Not long after I published my first novel, my mother died. She was in her mid-60s, and her health had been declining for a while because of an aggressive cancer treatment she’d received two decades before, which had saved her life but weakened her heart and made her dependent on regular blood transfusions. The night she died, I left the hospice where she’d been in a coma for five days, went to a book club meeting where I was scheduled to give a talk, then came back to her room 20 minutes before she stopped breathing. My sister told me my mother had waited for me, but I wasn’t sure if she said this just to make me feel less guilty about leaving to give the talk.
Within a week, I was giving readings again, offering my ideas about books, although a strange thing had begun to happen in my actual relationship with books. When I picked up the kinds of novels that for a long time I’d most enjoyed, character novels about families and relationships, I felt only a kind of grayness or flatness, almost a neutrality. At first I thought it had to do with the books I was choosing, but again and again it happened, and for a time I wondered if I might have lost my taste for fiction or my sense of its importance. I’d been close to my mother, and I understood in a vague way that the loss of one of my deepest pleasures in life was tied to her death, but the intricacy of the knot as well as its closeness made it difficult to untangle.
I kept on giving readings. One night, holed up in a hotel room in San Mateo, where I was scheduled for an event the next day, I started reading Stephen King’s Misery, and I began to lose myself in the story, to let myself go in a way I hadn’t been able to in the preceding months. Somewhere inside me, the switch of wonder had been flicked back on. I didn’t think about the craft of the novel, or the prose or characterization, but found myself riding the wave of the book, which I think is the sensation that turns a lot of us on to reading. I stayed up with the novel, showing up bleary-eyed to my event the next morning, but relieved, feeling in a way as if I’d been saved.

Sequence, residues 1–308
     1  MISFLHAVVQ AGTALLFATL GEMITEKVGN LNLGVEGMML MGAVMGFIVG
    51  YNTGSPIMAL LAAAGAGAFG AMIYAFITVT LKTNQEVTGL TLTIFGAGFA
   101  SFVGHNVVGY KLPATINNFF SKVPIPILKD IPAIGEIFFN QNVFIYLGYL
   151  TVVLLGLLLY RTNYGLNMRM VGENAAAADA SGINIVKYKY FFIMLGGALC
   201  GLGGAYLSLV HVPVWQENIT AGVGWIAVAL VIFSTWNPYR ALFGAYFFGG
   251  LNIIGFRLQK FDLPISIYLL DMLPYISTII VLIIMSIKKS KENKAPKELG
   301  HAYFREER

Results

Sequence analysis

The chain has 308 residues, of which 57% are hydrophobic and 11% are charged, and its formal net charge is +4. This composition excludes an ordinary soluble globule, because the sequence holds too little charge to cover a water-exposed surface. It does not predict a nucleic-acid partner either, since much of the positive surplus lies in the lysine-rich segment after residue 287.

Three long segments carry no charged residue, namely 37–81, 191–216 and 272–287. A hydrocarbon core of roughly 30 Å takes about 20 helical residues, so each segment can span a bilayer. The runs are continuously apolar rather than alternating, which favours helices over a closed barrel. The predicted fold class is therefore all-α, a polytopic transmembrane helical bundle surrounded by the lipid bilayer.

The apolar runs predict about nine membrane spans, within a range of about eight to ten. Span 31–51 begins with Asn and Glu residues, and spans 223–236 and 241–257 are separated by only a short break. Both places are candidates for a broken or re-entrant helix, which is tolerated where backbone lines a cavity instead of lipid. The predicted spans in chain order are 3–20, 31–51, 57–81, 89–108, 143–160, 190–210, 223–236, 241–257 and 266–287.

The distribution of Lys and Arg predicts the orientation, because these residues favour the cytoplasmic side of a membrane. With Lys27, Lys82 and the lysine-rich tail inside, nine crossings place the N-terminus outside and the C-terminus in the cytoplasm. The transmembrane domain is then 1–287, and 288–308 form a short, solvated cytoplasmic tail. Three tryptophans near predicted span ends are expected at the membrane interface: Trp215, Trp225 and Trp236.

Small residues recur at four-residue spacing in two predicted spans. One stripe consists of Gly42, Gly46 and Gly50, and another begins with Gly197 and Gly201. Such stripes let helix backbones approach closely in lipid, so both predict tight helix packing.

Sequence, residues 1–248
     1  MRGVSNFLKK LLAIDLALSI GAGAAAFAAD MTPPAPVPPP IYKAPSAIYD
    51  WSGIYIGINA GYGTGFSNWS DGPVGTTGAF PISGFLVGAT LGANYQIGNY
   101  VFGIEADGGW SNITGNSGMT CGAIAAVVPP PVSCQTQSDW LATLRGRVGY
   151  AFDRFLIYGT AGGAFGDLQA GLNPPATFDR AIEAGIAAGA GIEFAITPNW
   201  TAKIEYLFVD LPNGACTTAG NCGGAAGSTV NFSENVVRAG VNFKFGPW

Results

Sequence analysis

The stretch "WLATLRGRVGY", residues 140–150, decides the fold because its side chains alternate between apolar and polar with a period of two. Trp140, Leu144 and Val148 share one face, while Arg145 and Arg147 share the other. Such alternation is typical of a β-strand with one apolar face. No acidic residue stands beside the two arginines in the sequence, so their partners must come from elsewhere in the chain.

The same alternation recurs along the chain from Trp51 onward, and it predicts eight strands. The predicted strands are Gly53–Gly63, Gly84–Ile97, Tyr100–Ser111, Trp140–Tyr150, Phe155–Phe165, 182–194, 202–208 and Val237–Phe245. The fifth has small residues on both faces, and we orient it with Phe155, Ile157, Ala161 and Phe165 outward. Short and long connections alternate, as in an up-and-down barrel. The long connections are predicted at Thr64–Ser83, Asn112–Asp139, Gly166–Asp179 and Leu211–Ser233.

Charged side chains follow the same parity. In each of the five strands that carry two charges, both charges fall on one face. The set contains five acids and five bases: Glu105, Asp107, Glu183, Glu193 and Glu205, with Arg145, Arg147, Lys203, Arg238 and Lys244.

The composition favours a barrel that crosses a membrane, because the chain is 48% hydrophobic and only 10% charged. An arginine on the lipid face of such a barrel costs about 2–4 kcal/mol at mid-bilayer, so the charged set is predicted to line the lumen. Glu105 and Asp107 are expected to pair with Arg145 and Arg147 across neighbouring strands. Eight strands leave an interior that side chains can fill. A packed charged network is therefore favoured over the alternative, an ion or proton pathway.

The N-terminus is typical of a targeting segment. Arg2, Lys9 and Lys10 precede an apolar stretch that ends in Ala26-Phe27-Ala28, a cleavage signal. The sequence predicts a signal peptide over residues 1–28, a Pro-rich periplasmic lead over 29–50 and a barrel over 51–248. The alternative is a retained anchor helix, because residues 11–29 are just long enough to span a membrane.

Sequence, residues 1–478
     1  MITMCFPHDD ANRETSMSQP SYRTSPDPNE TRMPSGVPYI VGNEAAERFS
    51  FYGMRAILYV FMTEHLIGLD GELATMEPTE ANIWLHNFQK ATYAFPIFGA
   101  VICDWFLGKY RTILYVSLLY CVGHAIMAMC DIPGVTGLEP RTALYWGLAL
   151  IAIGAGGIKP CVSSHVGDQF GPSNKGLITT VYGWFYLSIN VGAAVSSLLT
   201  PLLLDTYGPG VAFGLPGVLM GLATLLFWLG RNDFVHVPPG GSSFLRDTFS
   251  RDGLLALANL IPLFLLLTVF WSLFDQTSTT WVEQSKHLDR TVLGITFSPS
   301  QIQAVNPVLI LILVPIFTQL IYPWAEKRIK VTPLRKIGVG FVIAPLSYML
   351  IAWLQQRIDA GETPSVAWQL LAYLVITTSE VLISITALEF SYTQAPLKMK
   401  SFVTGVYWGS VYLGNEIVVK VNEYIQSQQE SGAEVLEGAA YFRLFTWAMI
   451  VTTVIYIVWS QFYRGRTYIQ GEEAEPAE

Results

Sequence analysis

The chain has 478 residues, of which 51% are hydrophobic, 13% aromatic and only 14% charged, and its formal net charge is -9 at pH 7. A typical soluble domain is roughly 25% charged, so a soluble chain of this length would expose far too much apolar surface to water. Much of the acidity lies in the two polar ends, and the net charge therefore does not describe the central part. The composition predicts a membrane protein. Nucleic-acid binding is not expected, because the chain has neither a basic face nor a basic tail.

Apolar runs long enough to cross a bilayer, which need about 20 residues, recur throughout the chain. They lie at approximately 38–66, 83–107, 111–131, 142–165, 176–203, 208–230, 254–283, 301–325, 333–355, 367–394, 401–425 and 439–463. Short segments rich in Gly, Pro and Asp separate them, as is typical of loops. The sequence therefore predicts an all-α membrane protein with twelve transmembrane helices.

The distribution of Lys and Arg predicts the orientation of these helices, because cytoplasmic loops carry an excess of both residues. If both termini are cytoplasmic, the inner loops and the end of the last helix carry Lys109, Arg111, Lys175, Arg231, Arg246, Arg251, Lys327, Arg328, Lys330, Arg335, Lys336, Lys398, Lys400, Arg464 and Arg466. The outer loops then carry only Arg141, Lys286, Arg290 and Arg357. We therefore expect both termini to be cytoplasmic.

For a while after that I read a lot of thrillers and mysteries and books that focused on or orbited around violence, and I began work on a thriller of my own, which has become my second novel. But there’s this nagging question of why reading about violence and the darkest corners of human experience can be interesting or even entertaining, and why there might be something in us that turns to these books, especially during our own dark times. Wouldn’t we want to get away from all that sadness and fear? Why should we enjoy mining others’ pain and our own, and even find ourselves restored by it?
My sense is that the answer has something to do with why we enjoy reading at all, with the particular thrill of seeing our secret selves reflected in a book. Undeniably, there is a part of human experience that is sad, and a part that is frightening, and both seem bound up with our understanding of the fragility and temporariness of life. Maybe my experience of losing a parent, which is something most people face at some point, pushed me toward books that explore other types of darkness, because they allowed me to make sense of my own darkness, to stare straight down into the chasm of it. Or perhaps the distorting lens of fiction distanced the loss enough that I could look comfortably at what had been too close.
Whatever the case, these books brought me back to reading and to writing and to the books I used to enjoy, as well as to new books I’ve come to admire. I don’t know the exact reasons, and I’m not sure I need to know, since I’m convinced that the joy of fiction stems from its ambiguities and contradictions, its questions and suggestions more than its assertions, the way it completes a circle without telling you how or why.
This essay was originally published in the November 2013 issue of Writers Ask, a publication of Glimmer Train magazine.
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